Barong Tagalog: Wikis

  
  

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A barong Tagalog held against the light, showing the translucency of the fabric.
Barong Tagalog
The barong Tagalog (collarless version)

The barong Tagalog (or simply barong, from the word baro) is an embroidered formal garment of the Philippines. It is very lightweight and worn untucked (similar to a coat/dress shirt), over an undershirt. It is a common wedding and formal attire for Filipino men as well as women. The term "barong Tagalog" literally means "a dress that is Tagalog", or "a Tagalog dress" (i.e., "baro na Tagalog", with "barong" being a contraction of "baro na") in the Filipino language.

The barong was popularised as formal wear by Philippine President Ramon Magsaysay, who wore it to most official and personal affairs, including his inauguration as president.

Contents

Origin

A long time before the Spanish arrived in the Philippines, the Tagalog people on Luzon island already wore a dress that can be seen as the origin of the Barong Tagalog. The dress reached slightly below the waist, was colourless and had an opening in the front.[1]

A legend persists that the Spaniards made Filipinos wear their barongs untucked to distinguish them from the ruling class; its translucent fabric allegedly helped the Spaniards to see that the wearer was not bearing any weapon under the garment.[2] During the Spanish era, rulers required that the baro of the indio be made of flimsy material so that he could not conceal weapons on his person. Supposedly, the indio was also prohibited from tucking in his shirt, to designate his low rank and to tell him apart from the mestizaje and insulares.

Sociologists have argued against this theory, however, pointing out that untucked wear was very common in pre-colonial south-east- and south-Asian countries, and that the use of thin, translucent fabric developed naturally given the heat and humidity of the Philippines. Historians, likewise, have noted the absence of a citation to the specific law where the Spaniards supposedly prohibited the natives from tucking in their shirts. They also note that natives during the Spanish era wore their shirts tucked at times. A common example cited in support of this argument is José Rizal and his contemporaries, who were photographed in western clothing with their shirts tucked—although the era of the barong predated Rizal's time.

Another disputed theory is whether the barong was a local adaptation or a precursor to the guayabera, a shirt popular in the Latin-American communities. [3] According to those who claim that the barong is the precursor of the guayabera (pronounced "gwa-ya-ber-ra" with an almost silent "G"), the guayabera shirt was originally called "Filipina" during the era of Manila galleon trade-ships when it was brought to Mexico from the Philippines. [4]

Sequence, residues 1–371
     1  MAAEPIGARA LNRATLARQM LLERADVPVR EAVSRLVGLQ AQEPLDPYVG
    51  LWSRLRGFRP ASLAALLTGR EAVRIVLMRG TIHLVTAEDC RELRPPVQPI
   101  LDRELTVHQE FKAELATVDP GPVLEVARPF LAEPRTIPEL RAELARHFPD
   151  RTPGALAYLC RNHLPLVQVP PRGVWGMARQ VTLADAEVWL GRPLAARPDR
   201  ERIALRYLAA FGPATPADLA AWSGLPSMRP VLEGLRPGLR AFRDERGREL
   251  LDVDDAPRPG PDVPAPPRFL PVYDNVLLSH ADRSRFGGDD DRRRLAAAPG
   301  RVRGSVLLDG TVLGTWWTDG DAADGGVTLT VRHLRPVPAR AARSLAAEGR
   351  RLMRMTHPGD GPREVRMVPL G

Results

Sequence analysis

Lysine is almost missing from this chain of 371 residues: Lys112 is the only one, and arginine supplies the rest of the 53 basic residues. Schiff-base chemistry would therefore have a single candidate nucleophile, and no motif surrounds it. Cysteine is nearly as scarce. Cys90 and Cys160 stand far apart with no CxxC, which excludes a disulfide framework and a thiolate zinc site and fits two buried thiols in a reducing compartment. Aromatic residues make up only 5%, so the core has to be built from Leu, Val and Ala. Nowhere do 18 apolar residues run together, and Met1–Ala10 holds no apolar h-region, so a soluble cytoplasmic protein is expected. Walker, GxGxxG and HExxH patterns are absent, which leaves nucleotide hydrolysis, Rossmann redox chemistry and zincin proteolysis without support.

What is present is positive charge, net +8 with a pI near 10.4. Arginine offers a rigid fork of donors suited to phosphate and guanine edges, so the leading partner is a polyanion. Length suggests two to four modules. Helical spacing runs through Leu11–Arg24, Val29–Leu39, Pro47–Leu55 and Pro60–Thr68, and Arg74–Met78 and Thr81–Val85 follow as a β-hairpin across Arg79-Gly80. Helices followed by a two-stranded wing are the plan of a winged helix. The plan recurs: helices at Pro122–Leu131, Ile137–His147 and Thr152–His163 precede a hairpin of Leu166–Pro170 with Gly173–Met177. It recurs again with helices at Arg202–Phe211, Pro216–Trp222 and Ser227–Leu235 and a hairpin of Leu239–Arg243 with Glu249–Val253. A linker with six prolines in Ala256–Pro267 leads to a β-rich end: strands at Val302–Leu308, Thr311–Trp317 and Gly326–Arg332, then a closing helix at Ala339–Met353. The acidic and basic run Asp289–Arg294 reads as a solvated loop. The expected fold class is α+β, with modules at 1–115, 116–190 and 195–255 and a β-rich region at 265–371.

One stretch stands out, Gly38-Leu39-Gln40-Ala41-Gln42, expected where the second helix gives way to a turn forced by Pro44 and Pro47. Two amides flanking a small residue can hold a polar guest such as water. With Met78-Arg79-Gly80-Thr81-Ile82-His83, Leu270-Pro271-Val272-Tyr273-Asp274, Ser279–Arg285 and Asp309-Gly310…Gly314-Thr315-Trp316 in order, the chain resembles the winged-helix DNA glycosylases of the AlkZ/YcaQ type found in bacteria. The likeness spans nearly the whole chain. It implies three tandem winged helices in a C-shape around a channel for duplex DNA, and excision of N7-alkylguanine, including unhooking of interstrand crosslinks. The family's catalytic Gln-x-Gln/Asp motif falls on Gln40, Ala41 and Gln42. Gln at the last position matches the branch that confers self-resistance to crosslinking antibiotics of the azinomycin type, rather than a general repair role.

Type of cloth used

Filipinos don their finest formal barongs in a variety of fabrics.

Piña fabric - is hand-loomed from pineapple leaf fibers. And because Piña weavers in the Philippines are dwindling, its scarcity makes the delicate Piña cloth expensive and is thus used for very formal events.

Jusi fabric - is mechanically woven and was once made from abacca or banana silk.

Banana fabric - is another sheer fabric used in formal occasions. Made and hand woven from banana fiber, it usually comes with geometric design details. This fabric hails from the Visayas island of Negros.

Variations

The term "Barong Tagalog" is used almost exclusively to refer to the formal version of the barong; however, less formal variations of this national costume also exist.

  • Polo barong refers to a short-sleeved version of the barong, often made with linen, ramie or cotton. This is the least formal version of the barong, often used as office wear (akin to the suit and tie).
  • "Gusot-Mayaman" ("gusot" means "wrinkled" and "mayaman" means "wealthy") and Linen barongs are barongs that are not constructed with pina, jusi, or similarly delicate fabrics are generally considered less formal than the barong Tagalog. Both "gusot-mayaman" and linen barongs are used for everyday office wear.
  • Shirt-jack barong are cut in shirt-jack style usually in poly-cotton, linen-cotton and gusot-mayaman fabrics. Popularized by politicians and government officials and worn during campaigns or out-in-the-field assignments. This barong style gives the wearer a more casual look yet lends a more dressed-up appearance from the usual street worn casual wear.

Barong decorative details

  • Hand embroidery
  • Machine embroidery
  • Computerized embroidery
  • Hand painting
  • Pintucks (alforza)
  • Lace-inserts/appliqués
  • Calado

Controversy

At the 2007 Asia-Pacific Economic Cooperation (APEC) summit in Sydney, Australia, a press release from the organizing committee described the barong Tagalog, the Filipino's national costume for men, as a "peasant shirt". [5] The Philippine Government called for clarifications regarding the description.

References

  1. ^ Barong Tagalog history
  2. ^ Barong Tagalog history
  3. ^ The authority on Barong Tagalog - "History has it that the Guayabera originated from Cuba and was made iconic in the Cuban culture but was inspired by the Philippines’ barong Tagalog"
  4. ^ CubaNet News: The Miami Herald. Torture suspect arrested., Jul. 03, 2004
  5. ^ ABS-CBN Interactive: RP cries foul as APEC tags natl costume as 'peasant shirt', 9/9/2007

See also








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